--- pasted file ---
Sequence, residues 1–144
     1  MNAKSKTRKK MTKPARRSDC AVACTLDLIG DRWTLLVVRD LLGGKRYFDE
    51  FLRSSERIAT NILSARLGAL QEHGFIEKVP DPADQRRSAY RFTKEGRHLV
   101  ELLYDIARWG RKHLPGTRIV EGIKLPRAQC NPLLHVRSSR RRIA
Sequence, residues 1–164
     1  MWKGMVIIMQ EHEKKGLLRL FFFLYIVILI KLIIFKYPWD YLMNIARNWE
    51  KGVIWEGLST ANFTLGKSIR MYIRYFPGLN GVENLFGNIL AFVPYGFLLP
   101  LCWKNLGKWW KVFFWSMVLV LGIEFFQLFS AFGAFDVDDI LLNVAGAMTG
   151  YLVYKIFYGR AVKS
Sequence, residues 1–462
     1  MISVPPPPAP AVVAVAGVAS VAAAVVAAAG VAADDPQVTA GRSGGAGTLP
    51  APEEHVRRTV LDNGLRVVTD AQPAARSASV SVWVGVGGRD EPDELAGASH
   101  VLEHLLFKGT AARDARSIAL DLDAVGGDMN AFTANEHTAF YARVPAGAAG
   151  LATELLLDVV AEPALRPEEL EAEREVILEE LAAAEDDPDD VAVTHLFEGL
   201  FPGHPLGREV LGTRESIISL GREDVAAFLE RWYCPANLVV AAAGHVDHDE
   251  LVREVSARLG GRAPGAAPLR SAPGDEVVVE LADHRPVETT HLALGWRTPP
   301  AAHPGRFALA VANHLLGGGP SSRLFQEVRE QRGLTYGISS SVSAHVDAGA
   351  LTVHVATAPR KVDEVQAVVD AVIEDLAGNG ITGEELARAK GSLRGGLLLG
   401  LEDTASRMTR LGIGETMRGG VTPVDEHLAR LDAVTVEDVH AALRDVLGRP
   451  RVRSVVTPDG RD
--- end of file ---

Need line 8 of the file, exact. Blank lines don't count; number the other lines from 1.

   101  LCWKNLGKWW KVFFWSMVLV LGIEFFQLFS AFGAFDVDDI LLNVAGAMTG